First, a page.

4. Simon Farnaby plays a security guard in both films, and he's completely hilarious both times.  Regarding villainous Hugh Grant in disguise: "An unusually attractive nun is causing mayhem in the cathedral dome! Stop that stunning sister!"


A few weeks ago, I decided to take a Facebook moratorium.  This conveniently coincided with the news break that Facebook is terrible for privacy and eats babies, but in honesty, that had less to do with my decision than the fact that I was helplessly addicted to it.

Although I've generally just told people I left for ethical reasons, which makes me seem like much more of an outstanding guy than I am.

I decided not to close my account, but simple to just not log on to Facebook, at all, on any of my devices.  I never had the Facebook app on my phone, but I still have the Facebook Messenger app, which I also hate, so if any of the people I know solely through Facebook want to contact me, there's still that option.

Giving up Facebook has meant much more time for art, and less time for lollygagging about in front of the computer.  It's made me realize that I only visit about 8 websites daily, and once I've absorbed the updates, I no longer actually require the internet for anything beyond research and communication.  Which is what it's supposed to be for.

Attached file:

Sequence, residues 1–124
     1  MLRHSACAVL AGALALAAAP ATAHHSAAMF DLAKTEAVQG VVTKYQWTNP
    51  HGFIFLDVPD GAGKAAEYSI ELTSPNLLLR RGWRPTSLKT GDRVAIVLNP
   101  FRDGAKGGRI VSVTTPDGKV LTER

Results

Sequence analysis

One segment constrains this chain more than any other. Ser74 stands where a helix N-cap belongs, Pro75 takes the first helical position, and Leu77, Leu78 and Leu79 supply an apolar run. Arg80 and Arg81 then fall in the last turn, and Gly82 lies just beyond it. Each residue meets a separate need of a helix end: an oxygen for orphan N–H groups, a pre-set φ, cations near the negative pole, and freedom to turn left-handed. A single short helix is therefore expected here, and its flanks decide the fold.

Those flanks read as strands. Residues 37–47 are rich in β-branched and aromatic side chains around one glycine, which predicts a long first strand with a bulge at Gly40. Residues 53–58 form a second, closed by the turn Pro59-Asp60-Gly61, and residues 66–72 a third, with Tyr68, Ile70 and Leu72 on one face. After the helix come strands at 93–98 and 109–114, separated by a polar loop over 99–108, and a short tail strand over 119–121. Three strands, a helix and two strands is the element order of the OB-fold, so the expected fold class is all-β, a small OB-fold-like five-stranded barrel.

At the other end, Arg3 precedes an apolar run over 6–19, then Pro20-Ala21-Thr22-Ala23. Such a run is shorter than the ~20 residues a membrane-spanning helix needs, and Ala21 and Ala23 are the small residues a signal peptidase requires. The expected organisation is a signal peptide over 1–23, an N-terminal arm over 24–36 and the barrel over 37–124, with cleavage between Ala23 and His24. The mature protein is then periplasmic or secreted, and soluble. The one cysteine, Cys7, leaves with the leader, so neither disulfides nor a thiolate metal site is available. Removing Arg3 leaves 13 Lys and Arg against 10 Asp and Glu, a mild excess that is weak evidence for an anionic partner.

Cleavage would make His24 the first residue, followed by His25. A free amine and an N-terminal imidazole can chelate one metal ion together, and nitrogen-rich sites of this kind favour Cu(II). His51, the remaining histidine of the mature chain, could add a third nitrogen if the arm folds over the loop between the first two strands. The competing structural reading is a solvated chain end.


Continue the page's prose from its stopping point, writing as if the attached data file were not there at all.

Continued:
Also, moving my homepage to this blog instead of the New York Times has made me much more likely to post, and since I don't enjoy posting nearly as much as scrolling through depressing headlines, it's also made me much less likely to log onto the internet at all.  I've also increased by Twitter and Instagram presences @phostetlerart.

Life is good.

Iceland is the land for me

This post is mostly about cinnamon buns. As far as I can tell, cinnamon buns ought to be the main export of Iceland, since that is what the country does best, and they do many things very well.

I was recently in Iceland on my honeymoon with my wife Cameron, who planned the entire thing from booking the flight to booking the car to booking all the hotel room, and looking up the best place to buy cinnamon buns in Reykjavik.  I think my major contribution was going to the bank and extending our credit limit so she could do all of that at the same time.  It was easy.  Iceland is very big on tourism these days, since their major export otherwise is fish and volcano debris.  IcelandAir is one of the nicest planes I've ever been on, and their in-flight entertainment choices are top notch. 

The only "city" in Iceland is Reykjavik, home of Braud, a small (like everything in Iceland) bakery franchise at which one can find the best, fluffiest, gooiest, crispiest, butteriest cinnamon buns in the world, if not the universe, as well as a healthy assortment of tasty seafood restaurants, and also a Penis Museum.  More on that later.  We spent our first and last days in Iceland in Reykjavik, and the intervening week in the countryside, exploring and photographing the most stunning landmarks and natural wonders the country had to offer.